Pamela DeLoatch has never stopped working. But like many stay-at-home moms, she stopped getting paid for the important work she was doing—raising four kids and running a household.
A recent graduate of reacHIRE a Boston-based organization that develops custom programs for women looking to transition back to the workforce, DeLoatch tells Spring.St about her time out of the workforce.
I worked in human resources for about five years and left the workforce after my second son was born, 21 years ago. Our company was being restructured and my job was being eliminated.
I could have transferred to another division, but between that uncertainty and my desire to be home with my two babies, my husband and I agreed that I should stay home. Subsequently, we had two more children and for us, it was impractical for me to return to work while juggling four little ones.
Since then, my husband and I owned a business for a few years, where I used my HR and marketing skills, and then about eight years ago, I started my own freelance writing business, creating marketing content for other businesses.
The flexibility of freelancing was perfect because I could scale my work hours as needed, depending on my children's schedules.
As my children got older, I considered going back to work but worried I no longer had the skills I needed. I applied to some full-time jobs but got few responses. As more time passed, I thought the opportunity to re-ignite my career full-time had passed by.
In the last year, with my youngest child getting ready for college, I began wondering two things: How can I contribute to college tuition for three kids next year, and more importantly, as this current phase of Mommy-hood comes to an end, what's my next step?
As my child began preparing for her adventure, what would be mine? I was trying to figure that out but had no answers until I heard about reacHIRE.
I was very fortunate. Many years ago, my husband worked with a woman who, like me, left the corporate environment and became an at-home mom.
Recently, she participated in the reacHIRE program and loved both her project assignment and subsequent contract position. She's in Boston, where reacHIRE originated, but when she heard reacHIRE was coming to Research Triangle Park [in Piedmont, NC], she tagged my husband with the information in case I was interested.
I talked with her at length and was intrigued. I went to an introductory meeting. It made me very excited to see there was a path, and support, for getting back to work. I applied, interviewed, and was thrilled to be accepted.
The program has been exceptional. The support and direction of the leadership team; the exposure to the cohort of wonderful, talented, experienced women; the sessions, which include information on project management, presentations, data analytics; visits and tours of area corporations that served as reacHIRE training partners—these all helped me recognize my strengths and envision myself contributing to organizations.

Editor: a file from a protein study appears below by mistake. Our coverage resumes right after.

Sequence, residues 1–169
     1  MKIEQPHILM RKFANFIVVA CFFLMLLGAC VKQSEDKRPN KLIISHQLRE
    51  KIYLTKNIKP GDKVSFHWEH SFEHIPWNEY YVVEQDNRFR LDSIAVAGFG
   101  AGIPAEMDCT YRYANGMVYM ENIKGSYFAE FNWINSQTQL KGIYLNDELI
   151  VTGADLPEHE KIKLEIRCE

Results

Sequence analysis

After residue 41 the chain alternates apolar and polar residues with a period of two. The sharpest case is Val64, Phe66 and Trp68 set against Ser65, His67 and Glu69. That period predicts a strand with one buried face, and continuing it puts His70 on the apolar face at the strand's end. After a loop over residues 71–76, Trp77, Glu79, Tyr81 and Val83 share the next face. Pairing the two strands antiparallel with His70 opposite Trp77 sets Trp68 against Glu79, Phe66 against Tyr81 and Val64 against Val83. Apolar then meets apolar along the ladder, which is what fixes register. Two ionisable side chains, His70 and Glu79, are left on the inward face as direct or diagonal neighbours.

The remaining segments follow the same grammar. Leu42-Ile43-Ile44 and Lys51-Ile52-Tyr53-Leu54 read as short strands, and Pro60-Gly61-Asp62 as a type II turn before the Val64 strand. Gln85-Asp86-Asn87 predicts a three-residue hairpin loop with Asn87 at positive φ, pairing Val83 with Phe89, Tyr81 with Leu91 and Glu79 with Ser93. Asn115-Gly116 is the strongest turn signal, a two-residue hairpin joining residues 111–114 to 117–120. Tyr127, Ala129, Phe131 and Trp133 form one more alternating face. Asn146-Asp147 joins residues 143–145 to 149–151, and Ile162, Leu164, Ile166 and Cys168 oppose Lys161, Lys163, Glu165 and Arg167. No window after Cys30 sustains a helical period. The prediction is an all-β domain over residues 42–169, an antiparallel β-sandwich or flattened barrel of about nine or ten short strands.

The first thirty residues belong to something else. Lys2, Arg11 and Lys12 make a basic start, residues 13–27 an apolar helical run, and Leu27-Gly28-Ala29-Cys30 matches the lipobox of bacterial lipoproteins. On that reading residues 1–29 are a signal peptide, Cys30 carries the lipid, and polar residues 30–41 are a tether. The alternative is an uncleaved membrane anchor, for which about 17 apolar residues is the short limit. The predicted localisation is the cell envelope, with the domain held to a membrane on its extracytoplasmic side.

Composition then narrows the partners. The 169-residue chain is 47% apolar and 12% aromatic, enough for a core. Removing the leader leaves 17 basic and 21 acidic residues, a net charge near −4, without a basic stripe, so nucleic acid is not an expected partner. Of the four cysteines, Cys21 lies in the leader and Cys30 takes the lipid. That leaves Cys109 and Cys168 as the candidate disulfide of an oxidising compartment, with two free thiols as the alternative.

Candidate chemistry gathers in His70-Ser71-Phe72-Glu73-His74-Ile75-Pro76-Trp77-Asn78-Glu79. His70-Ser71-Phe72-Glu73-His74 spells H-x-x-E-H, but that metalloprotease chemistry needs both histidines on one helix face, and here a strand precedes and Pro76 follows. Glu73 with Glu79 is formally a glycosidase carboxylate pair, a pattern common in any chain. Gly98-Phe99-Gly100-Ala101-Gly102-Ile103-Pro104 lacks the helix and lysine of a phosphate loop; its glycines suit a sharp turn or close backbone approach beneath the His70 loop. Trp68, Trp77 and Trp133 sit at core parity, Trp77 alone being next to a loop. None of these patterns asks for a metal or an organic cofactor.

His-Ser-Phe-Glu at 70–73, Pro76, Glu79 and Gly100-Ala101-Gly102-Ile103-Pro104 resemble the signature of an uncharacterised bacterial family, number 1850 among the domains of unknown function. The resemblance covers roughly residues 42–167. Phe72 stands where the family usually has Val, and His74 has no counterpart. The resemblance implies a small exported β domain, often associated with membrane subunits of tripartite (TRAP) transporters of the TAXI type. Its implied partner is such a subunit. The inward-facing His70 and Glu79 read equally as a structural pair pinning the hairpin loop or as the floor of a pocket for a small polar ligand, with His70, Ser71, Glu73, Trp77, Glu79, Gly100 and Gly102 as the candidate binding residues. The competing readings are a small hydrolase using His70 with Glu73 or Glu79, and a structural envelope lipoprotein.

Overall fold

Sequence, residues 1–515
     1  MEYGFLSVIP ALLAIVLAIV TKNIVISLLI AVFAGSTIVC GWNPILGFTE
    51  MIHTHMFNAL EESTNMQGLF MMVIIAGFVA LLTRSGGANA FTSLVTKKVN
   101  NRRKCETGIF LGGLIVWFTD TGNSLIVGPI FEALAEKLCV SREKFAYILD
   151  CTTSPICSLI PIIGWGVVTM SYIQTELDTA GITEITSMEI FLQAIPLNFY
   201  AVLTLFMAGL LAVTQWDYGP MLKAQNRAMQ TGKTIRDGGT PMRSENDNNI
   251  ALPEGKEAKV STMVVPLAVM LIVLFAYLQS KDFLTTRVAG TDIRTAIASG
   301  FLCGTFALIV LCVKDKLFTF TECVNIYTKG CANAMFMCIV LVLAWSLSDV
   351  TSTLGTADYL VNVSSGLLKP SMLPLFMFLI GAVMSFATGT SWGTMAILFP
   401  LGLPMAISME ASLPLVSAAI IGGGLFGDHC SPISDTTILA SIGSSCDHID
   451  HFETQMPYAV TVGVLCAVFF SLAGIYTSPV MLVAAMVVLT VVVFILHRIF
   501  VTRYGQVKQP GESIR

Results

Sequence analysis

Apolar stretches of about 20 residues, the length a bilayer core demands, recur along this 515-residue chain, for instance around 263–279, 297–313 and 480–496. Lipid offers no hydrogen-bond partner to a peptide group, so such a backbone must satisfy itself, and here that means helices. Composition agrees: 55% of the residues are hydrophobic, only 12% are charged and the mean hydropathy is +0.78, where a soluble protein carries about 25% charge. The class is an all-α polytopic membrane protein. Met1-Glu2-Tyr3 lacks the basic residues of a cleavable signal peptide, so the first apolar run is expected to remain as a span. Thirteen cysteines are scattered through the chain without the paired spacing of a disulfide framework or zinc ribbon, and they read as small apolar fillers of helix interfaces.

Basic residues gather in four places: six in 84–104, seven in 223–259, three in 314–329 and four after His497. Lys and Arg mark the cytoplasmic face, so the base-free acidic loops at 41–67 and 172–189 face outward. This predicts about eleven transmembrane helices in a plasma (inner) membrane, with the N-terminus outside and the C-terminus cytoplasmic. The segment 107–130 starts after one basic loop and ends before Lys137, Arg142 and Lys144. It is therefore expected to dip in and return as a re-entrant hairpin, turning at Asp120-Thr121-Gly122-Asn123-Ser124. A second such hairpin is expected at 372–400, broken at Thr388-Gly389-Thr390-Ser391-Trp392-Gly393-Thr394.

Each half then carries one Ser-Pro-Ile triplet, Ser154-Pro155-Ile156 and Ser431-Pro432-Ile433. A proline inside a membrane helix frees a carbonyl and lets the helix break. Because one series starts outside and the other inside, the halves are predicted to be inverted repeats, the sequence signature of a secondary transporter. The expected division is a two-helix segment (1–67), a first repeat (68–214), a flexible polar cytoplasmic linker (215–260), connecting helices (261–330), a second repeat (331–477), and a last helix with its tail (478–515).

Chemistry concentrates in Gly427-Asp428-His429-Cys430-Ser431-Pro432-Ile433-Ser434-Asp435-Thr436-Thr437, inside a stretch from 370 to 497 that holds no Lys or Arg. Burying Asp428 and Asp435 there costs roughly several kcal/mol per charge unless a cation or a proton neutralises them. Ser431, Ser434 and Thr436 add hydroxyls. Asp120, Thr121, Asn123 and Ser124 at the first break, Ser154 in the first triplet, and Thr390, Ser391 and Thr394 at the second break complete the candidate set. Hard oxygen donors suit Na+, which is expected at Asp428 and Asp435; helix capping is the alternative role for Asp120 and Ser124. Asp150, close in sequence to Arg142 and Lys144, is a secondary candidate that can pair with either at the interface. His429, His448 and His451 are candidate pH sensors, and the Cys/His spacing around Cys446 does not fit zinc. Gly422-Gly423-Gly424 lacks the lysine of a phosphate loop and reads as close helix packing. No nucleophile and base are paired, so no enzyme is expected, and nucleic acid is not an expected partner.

Most moms I know tend to talk about their children’s successes instead of their own—and that’s fine. But too often we overlook or minimize what we've accomplished ourselves.
ReacHIRE gave me the space to think about and highlight my abilities, talents and successes. I learned that the lessons, maturity, and perspective I've gained as a mom are imminently transferable to a work environment and that organizations want and need those talents.
Now I'm looking forward to beginning a project assignment with a corporation. I'm excited about the potential and am looking forward to contributing in a company environment.
Longer term, I hope to work in a corporate environment, where I can continue to learn, but at the same time where I feel confident that what I add is important and valuable.
For me, the key to the training I received through reacHIRE is recognizing my skills, articulating how I can use those to benefit an organization and, with help from the program, identifying those organizations that most appreciate what returning moms can offer.
I'll be honest: You may not feel completely ready when you start down this path. You may wonder how you will handle childcare details if you start working. But I think if you're ready to take the leap, the details will fall into place.
It's a rare opportunity—don't let it pass you by.
This story is part of Spring.St's Back to Work series. You can find more here.